Ach-Tunes - Artists who performed their hits in multiple languages (Episode 44)

February 10, 2019
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As the relevance of rock and roll began to explode, labels and managers wanted to exploit and milk those hits for all they were worth, for fear of it being a fad and dying out quickly. To maximize popularity and exposure, labels in the UK would often prep bands for European tours by having their stars record their own hits in other languages. Most famously, the Beatles were strong-armed into recording German versions of both “I Want to Hold Your Hand” and She Loves You”. These were recorded in Paris and for I Want to Hold Your Hand, they simply recorded the new vocals over the existing instruments like a Liverpudlian karaoke night. With “She Loves You” however, the masters had been erased by EMI which had been standard practice at the time. They re-recorded the whole song, which made this the only song they recorded outside of London.

Today, we go over a marketing gimmick designed to expand popularity and ingratiate bands to potential fans across the globe. Some bands were far more prolific and successful with their foreign language recordings. Some were abysmal. Enough of them were fascinating.

These are some of the stories of bands and artists performing their own tunes in foreign languages.

 

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The Avándaro Festival - Why Don’t We Know More About It? (Episode 43)

January 24, 2019
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Are you as sick of Fyre documentaries as we are? We thought so. This week's episode is all about a festival that took place over two September days in 1971.  The festival was controversial and featured historic performances from Mexican psychedelic bands at the height of La Onda. It was also condemned by conservative government leaders, with the president of Mexico declaring, "While we regret and condemn the phenomenon of Avándaro, it also encourages us in our belief that only a small part of our youth are in favor of such acts and entertainment."

Find out how the festival came about, why it upset so many people, and hear about some of the best psychedelic bands you may know nothing at all about. Yet.

Join us, won't you?

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The Butthole Surfers in the 1980s - Fecal Manna from Heaven (Episode 42)

January 12, 2019
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In this episode, we explore the world of the Butthole Surfers during the 1980s when they were the best live band in the country and one of the most interesting bands ever. Much of the show is spent on stories of debauchery, including feeding excrement to fish, exploring the flammability of New Jersey, ex-presidents touching defiled suitcases, and more! Join us, won't you?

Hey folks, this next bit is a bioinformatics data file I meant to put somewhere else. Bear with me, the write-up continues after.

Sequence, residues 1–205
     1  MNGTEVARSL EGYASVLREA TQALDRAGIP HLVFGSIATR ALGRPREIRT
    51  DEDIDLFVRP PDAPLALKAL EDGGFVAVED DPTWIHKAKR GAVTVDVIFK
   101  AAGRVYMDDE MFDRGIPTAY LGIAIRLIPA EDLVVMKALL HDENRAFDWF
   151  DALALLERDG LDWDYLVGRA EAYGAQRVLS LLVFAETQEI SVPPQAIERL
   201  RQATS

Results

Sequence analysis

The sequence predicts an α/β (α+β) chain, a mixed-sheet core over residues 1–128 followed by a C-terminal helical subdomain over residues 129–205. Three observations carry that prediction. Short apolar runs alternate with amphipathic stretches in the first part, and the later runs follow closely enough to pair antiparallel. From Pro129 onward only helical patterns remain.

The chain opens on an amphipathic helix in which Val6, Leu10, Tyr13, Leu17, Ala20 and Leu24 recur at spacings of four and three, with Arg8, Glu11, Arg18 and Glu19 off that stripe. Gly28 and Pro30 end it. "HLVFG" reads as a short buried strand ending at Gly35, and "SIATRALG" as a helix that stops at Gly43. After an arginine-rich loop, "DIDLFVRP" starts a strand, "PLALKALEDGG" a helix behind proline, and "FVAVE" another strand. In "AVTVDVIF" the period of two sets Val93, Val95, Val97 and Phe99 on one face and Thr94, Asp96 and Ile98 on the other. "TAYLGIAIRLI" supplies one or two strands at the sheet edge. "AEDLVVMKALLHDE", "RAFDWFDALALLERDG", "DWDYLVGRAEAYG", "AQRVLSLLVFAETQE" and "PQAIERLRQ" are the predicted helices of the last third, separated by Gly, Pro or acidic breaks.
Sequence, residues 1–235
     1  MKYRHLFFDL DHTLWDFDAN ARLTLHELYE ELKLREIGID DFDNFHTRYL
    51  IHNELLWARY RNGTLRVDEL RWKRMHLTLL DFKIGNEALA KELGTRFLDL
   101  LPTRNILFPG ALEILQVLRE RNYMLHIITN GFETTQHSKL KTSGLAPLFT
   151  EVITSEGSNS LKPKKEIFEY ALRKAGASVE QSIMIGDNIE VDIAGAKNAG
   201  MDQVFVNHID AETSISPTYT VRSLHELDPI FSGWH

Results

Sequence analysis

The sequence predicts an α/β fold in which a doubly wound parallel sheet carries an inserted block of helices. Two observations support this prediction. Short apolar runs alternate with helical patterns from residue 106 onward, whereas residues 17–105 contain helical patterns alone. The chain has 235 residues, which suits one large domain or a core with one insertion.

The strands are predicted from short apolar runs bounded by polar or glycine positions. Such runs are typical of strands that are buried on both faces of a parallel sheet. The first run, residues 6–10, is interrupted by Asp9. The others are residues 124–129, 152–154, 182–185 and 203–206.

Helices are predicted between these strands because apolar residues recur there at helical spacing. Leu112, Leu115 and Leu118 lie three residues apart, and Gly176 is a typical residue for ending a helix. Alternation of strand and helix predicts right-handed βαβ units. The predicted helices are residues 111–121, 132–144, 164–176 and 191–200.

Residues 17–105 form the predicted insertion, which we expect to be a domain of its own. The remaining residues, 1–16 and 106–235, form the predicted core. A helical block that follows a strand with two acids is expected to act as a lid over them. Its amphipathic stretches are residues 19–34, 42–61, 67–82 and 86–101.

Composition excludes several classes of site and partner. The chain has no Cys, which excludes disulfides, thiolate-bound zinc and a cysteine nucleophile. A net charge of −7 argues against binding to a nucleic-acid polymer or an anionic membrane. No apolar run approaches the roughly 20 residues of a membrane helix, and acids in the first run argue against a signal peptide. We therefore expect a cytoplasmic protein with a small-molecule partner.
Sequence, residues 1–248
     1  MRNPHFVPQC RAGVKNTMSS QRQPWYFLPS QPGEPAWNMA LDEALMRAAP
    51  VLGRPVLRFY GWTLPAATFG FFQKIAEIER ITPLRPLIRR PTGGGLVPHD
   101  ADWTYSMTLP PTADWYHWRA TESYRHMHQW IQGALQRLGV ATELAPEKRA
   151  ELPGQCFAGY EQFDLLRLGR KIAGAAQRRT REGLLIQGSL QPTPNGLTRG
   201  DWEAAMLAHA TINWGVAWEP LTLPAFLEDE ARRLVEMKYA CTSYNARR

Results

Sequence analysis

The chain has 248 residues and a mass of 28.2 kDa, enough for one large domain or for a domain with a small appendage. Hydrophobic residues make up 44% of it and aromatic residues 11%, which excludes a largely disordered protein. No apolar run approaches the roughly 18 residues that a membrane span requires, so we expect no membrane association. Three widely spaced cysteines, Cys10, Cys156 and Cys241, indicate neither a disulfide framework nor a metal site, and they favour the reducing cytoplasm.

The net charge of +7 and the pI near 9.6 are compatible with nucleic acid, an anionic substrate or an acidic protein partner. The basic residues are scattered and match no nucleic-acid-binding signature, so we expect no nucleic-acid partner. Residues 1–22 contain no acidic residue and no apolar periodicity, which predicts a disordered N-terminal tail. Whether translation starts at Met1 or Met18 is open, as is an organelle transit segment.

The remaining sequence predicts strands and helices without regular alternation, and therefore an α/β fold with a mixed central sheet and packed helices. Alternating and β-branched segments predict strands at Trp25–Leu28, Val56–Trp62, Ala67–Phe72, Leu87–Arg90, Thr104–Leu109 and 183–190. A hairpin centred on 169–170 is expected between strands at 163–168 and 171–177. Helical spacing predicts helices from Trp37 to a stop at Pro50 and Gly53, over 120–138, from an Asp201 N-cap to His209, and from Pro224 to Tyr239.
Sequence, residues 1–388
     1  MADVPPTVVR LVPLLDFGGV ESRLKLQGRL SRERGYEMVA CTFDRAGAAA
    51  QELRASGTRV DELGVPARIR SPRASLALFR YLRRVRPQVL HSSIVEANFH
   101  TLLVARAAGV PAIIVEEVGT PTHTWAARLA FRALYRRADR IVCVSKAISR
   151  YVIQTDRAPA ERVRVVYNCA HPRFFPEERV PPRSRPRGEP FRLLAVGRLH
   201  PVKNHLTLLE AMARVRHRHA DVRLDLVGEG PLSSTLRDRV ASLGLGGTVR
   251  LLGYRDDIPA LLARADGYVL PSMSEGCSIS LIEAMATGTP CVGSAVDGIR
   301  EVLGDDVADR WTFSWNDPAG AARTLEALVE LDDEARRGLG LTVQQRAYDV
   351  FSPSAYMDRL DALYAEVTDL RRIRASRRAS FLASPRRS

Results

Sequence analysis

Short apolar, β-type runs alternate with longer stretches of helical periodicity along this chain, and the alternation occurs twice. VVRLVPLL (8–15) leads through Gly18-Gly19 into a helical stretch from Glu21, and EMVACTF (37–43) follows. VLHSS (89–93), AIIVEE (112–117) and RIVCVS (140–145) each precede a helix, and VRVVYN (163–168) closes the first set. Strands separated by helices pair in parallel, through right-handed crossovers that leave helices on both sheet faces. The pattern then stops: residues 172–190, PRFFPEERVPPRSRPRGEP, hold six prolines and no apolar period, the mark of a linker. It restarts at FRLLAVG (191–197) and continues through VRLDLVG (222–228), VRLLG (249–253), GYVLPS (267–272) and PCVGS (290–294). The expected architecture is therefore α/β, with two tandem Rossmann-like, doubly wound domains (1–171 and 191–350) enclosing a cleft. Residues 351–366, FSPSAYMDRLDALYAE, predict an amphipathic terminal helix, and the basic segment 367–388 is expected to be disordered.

Most of the research for this episode came from these three books:

Let's Go to Hell: Scattered Memories of the Butthole Surfers by James Burns

Scatological Alchemy: A Gnostic Biography of the Butthole Surfers by Ben Graham

Our Band Could Be Your Life: Scenes from the American Indie Underground 1981-1991 by Michael Azerrad

 

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Silly Musician Anecdotes (Episode 41)

December 27, 2018
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For this episode, we look back on stories we spent time researching but couldn't fit into an episode. That, and just plain goofy stories about goofy musicians.

Find out what Prince did to make Michael Jackson run screaming from a room. Find out how to pronounce Hasil Adkins first name correctly. Find out how Ryan's cold sounds after an hour of talking (not good). All that and more!!

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Music on the Bones: Commie Flexi-Discs (Episode 40)

December 13, 2018
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In our previous episode, we discussed the history of the flexi-disc. Today we delve into its pinko commie cousin, Bone Records. 

During his post-World War II rule, Joseph Stalin controlled culture in the Soviet Union. Nothing from the west could be allowed in if he deemed it an affront to Soviet dignity. Art, movies, and music were all heavily censored. Western culture was an enemy of the state. 

The music of America: Blues, jazz, and rock n roll were seen as especially vile to Stalin’s regime. Jazz was officially regarded as decadent capitalist filth. Just talking about jazz was a criminal act. These free-form musical expressions were thought to focus on the individual rather than the state as a whole. Style was propaganda and strictly forbidden.

How did music from the west reach the ears of the youth in the CCCP? 

The answer is, of course, broken bones. Lots and lots of broken bones.

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Cereal Killers: The History of the Flexi Disc (Episode 39)